Skip to 0 minutes and 6 seconds Today I would like to talk about the links between gender and food-based livelihoods. What are these links? Actually, the links between gender and food-based livelihoods is about relationship. Relationship between people and the resources that are needed to produce food, whether it’s to produce food for subsistence or to produce food to sell in markets. What are these resources? First you have property, and that refers to land as well as water resources. Rights to land and rights to water are actually differentiated according to women and men. Labour is another important resource in producing food. There are divisions of labour, usually divisions according to gender. Value is assigned to certain types of labour that translate into incomes and returns.
Skip to 1 minute and 9 seconds Some types of labour are considered with very little value, and therefore, they’re usually unpaid. The other resource, of course, is financial capital. People have different access to finance capital to start farm enterprises, and we find that women and men also have differences to accessing capital or credit to actually finance the costs of farm production or food production. Another vital resource is that of knowledge. Knowledge are the acquired skills, whether through doing or through training, especially, for instance, in applying new seeds, practicing certain new technologies in farming. Again, women and men have different access to capacity building and training, and their skills in farming are also differentiated as a result of the gender divisions of labour.
Skip to 2 minutes and 14 seconds One other vital resource is that of social capital. And what is social capital? Social capital is actually those networks and relationships that people have with one another that actually enhance the production of food and farming. These are all vital resources for producing food, but there are wider influences. Influences such as shocks and stresses, for instance, water stresses, water shortages, water scarcity. These would have different effects on different social groups of women and men, whether it’s pest, disease, or any other type of shock, these have different impacts on different groups of people who are engaged in food production.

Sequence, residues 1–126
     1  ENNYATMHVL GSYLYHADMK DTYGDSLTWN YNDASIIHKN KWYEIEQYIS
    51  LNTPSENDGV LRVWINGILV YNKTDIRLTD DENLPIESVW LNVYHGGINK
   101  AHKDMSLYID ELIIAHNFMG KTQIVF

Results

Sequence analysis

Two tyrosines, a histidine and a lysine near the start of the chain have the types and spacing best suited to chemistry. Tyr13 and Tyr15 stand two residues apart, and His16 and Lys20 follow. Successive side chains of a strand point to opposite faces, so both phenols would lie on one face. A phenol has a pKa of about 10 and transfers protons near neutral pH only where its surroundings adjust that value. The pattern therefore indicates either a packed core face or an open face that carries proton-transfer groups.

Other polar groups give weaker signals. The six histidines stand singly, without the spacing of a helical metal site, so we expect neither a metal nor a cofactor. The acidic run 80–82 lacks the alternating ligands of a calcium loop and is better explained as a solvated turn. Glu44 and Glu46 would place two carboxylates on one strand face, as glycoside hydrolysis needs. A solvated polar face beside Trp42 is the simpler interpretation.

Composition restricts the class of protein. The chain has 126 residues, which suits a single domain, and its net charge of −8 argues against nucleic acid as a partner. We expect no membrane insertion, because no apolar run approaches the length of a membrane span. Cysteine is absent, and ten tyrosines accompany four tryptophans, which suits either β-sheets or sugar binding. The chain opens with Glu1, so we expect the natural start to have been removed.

Skip to 3 minutes and 2 seconds And finally, a more important influence would be wider economic and social policies, economic growth, and market trajectories, deregulation, continued commodification of natural resources. These affect people and the food that they actually produce, whether and how they would have the vital resources to compete or to engage with these wider economic processes. All these have social and gender dimensions. As I have largely mentioned, many of these resources are– many people have different access to such resources, and they’re often unequal, and they’re largely mediated by power dynamics. Not all farmers proceed with equal footing and thus there are winners and losers when it comes to food production.
Skip to 4 minutes and 7 seconds Food security, therefore, just because people are producing food, it does not mean that they are food secure. Food security, therefore, is not a guarantee. And it is something that households continuously struggle to attain.
A gender perspective on livelihoods
Across the globe, men and women face different levels of access to resources and the capitals required for their livelihoods. In this video, Dr. Bernadette Resurrección, of the Stockholm Environment Institute (SEI) Asia Centre, explains how – and why – gender affects people’s ability to thrive in food-related, natural resource-based livelihoods.
Bernadette goes on to highlight that access to resources, ranging from land and water rights, to knowledge and training opportunities, can be further complicated by shocks and stresses that may affect men and women differently.
Now apply a gender lens to agricultural livelihoods in contexts that you are familiar with. What roles do men and women typically play? Are there winners and losers? Tell us your answers below.
© Stockholm Environment Institute